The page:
holy cross sermon for pentecost 19, proper 25, year a, october 23 2011

In the name of the Father, and of the Son, and of the Holy Spirit. Amen.

 

In today’s Gospel, we have another exchange between Jesus and the Pharisees. There are two acts, as it were, in this exchange; and on the surface they seem to have little to do with one another. In Act 1, a Pharisee asks a question “to test” Jesus. He asks “which is the great commandment in the law?” And Jesus responds with what we have come to call “the Summary of the Law” – he says “You shall love the Lord your God with all your heart, and with all your soul, and with all your mind. This is the first and great commandment. And a second is like it, you shall love your neighbor as yourself. On these two commandments depend all the law and the prophets.” Everything depends, in other words, on these two commandments.

 

Its easy to take it for granted that we are to love God. After all, he’s God. But its also easy, perhaps, to lose sight of what it MEANS to love God with all our heart, all our soul, and with all our mind – in short, with our whole being. St. Augustine says it means that we are to leave “no part of our life which may justly be unfilled [by God], nor give place to the desire [for] any other final good; but if aught else present itself for the soul’s love, it should be absorbed into that channel in which the whole current of love runs. For man is then the most perfect when his WHOLE LIFE tends towards the life unchangeable, and clings to it with the whole purpose of his soul.”

 

To love God with all our heart, mind, and soul means that we are to see God as the ground of our being, and the end of our becoming. We are to ORIENT ourselves toward God, and to allow him to be the motive for ALL of our actions, and to find our objective, our destination, in him. And so everything we do should be motivated by our love for God. Making the love of God a life-pervading motivation means, in the words of Fr. Luigi Giussani, that we must include…

 

“…everything – love, study, politics, money, even food and rest, excluding nothing, neither friendship, nor hope, nor pardon, nor anger, nor patience. Within every single gesture lies a step towards our own destiny,” (The Religious Sense, p. 37).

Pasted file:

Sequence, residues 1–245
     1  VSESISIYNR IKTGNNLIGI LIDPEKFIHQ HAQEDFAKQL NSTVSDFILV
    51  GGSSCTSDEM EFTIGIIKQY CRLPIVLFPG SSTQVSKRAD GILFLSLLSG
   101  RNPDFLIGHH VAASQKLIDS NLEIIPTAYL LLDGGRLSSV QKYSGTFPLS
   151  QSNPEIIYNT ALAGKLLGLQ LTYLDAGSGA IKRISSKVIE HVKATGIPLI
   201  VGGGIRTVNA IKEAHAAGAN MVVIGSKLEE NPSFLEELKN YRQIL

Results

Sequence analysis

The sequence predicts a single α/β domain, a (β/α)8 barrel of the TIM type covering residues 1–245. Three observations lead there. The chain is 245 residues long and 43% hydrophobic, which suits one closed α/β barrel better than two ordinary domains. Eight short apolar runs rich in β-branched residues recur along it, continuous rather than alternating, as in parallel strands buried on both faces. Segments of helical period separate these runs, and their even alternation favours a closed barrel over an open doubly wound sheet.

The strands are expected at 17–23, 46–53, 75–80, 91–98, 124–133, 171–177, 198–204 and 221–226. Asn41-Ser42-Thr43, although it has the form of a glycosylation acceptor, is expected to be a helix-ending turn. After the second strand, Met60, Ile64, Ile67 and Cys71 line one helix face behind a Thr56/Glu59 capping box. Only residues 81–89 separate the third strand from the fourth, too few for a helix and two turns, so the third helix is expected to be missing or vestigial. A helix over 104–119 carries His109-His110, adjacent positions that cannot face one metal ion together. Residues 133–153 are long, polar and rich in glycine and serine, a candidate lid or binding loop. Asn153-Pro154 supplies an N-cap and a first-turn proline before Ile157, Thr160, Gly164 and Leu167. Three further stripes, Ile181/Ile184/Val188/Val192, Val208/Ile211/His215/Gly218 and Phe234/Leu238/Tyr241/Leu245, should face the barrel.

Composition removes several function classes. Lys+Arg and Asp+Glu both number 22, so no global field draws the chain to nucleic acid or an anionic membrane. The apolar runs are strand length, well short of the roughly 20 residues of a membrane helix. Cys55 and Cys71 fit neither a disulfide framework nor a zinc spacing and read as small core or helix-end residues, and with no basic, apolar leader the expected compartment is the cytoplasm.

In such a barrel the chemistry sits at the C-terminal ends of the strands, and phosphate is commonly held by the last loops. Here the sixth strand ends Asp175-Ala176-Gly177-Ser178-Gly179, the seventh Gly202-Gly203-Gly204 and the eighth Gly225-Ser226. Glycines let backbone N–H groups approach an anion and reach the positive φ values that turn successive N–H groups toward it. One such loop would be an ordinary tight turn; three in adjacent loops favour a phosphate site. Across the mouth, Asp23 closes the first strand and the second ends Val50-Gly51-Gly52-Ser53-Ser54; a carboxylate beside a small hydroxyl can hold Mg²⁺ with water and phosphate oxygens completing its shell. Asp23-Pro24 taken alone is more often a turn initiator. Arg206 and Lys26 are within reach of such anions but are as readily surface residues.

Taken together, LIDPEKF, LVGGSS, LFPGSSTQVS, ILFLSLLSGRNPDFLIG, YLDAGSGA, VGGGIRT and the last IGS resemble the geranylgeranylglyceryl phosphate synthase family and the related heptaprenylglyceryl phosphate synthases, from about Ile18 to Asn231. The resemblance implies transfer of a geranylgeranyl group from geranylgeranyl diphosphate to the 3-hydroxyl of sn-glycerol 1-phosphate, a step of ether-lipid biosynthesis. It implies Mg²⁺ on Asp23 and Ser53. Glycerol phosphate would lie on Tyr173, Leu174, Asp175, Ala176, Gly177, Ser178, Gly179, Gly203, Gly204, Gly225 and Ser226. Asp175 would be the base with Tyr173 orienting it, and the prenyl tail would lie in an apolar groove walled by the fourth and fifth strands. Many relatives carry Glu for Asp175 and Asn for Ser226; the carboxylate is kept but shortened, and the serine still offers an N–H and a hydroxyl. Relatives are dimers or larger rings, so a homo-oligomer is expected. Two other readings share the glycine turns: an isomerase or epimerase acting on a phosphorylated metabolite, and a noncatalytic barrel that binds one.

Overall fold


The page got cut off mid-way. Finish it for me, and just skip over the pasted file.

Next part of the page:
The love of God must motivate everything we do. To love God means to realize that he is the One to whom we are called, that our final end is to dwell with him, joyfully to adore him in silence beyond the world. This is, of course, what it means to be, in the words of scripture, called “out of the world” (Cf. Jn. 17.6) or to keep oneself “unstained from the world” (Jas. 1.27). It means to be summoned to the “place” where God is, there to find our fulfillment in an eternal deepening into his life and love. St. Gregory of Nyssa said that “…in our constant participation in the blessed nature of the Good, the graces that we receive at every point are indeed great, but the path that lies beyond our immediate grasp is infinite,” (from his Commentary on the Canticle).

 

And so I am to love my neighbor as myself. Because to recognize the sovereignty of God, and to LOVE him, means, as Augustine says, that every love must “be absorbed into that channel in which the whole current of love runs.” And if our own self-understanding results from a recognition of WHO GOD IS – that he is the ground of our being and the end in which we become ourselves – then we recognize in him likewise the ground of our neighbor’s being and the true object of HER desire as well. And when we come to recognize God as the only proper axis around which every interpersonal relationship turns, we come to recognize that God himself is the common destiny of every person. We find in God the true meaning of human solidarity. And more than this: I find not merely that I am to love my neighbor as I love myself, but that I am to love my neighbor because MY NEIGHBOR IS MYSELF – because her true identity lies in God as well, and so only in finding God can I find her as well.